Recent trends in wildfire area burned have been characterized by large patches with high densities of standing dead trees, well outside of historical range of variability in many areas and presenting forest managers with difficult decisions regarding post-fire management.
As the climate continues to warm, the severity of wildfires is increasing. However, the potential impact of higher burn severity on ecosystem resilience and regional carbon balance is still not clear. There are ongoing debates regarding whether increased burn severity stimulates or delays postfire vegetation and carbon recovery.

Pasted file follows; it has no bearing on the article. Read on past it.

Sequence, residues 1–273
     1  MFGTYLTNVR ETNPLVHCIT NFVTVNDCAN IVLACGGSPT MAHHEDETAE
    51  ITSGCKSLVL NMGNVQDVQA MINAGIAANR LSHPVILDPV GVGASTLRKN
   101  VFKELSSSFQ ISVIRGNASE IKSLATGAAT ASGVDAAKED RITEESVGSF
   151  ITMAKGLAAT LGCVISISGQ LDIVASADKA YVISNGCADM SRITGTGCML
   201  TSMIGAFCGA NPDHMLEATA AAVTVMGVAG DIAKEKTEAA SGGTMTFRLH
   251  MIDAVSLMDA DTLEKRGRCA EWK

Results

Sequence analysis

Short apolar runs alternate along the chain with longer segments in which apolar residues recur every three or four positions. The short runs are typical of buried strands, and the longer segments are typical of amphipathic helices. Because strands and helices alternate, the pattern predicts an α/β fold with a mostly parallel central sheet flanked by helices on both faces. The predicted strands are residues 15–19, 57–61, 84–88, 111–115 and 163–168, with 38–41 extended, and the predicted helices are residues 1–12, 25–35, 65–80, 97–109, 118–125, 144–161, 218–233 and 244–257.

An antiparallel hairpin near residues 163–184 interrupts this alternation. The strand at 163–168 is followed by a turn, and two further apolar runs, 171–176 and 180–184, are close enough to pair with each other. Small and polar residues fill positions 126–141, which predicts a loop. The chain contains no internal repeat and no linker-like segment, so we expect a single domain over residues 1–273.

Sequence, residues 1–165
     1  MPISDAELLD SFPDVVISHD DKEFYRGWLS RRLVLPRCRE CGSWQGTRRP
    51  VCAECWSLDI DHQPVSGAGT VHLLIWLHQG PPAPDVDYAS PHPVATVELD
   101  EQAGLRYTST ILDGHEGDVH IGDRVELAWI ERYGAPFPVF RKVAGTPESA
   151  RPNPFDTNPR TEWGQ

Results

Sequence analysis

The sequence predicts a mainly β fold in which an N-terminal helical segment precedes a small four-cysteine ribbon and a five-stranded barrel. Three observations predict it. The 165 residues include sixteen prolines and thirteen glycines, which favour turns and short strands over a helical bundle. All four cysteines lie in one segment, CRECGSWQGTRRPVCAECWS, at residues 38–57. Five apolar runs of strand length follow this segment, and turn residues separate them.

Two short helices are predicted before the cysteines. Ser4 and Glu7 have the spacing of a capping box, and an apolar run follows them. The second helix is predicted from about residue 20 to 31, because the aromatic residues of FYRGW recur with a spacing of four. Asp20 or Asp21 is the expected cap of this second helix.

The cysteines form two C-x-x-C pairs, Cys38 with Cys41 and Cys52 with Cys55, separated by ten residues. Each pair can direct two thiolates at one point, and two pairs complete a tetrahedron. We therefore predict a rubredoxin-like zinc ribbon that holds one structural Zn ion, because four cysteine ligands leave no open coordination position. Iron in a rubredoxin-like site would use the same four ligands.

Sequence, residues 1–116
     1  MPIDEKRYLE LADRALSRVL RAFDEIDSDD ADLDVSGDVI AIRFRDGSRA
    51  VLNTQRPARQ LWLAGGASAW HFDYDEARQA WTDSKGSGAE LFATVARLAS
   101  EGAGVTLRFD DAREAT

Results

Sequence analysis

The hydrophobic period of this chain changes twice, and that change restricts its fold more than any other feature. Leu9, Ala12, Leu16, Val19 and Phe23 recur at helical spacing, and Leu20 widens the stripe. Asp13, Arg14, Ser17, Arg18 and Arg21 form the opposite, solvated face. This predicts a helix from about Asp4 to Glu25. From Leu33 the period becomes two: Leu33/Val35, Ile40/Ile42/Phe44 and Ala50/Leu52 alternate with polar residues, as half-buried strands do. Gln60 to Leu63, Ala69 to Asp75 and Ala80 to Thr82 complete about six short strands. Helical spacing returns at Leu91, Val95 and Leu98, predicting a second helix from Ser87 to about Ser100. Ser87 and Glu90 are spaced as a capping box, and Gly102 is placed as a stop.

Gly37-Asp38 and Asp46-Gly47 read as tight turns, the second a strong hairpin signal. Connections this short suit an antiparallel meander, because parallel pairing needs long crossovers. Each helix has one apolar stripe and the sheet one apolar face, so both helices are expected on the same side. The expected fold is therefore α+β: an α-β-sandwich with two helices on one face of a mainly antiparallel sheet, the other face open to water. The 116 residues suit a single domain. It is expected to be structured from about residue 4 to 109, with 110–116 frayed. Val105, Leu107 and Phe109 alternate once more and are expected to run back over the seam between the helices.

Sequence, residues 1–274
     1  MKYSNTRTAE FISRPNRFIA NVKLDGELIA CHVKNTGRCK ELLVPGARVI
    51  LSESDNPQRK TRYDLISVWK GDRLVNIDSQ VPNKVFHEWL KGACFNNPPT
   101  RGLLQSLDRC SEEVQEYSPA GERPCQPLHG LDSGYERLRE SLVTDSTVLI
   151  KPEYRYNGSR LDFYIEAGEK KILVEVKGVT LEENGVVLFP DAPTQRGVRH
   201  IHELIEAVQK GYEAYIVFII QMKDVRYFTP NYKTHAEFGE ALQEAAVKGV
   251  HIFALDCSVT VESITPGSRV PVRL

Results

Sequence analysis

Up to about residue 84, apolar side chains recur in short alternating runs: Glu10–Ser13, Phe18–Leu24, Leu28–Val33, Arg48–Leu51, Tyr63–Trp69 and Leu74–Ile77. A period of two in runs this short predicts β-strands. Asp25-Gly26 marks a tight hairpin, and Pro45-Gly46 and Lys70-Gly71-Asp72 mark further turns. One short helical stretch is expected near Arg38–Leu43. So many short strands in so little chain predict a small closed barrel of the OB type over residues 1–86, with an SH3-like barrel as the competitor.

Warmer and drier climate over the past few decades has brought larger fire sizes and increased annual area burned in forested ecosystems of western North America, and continued increases in annual area burned are expected due to climate change. As warming continues, fires may also increase in severity and produce larger contiguous patches of severely burned areas.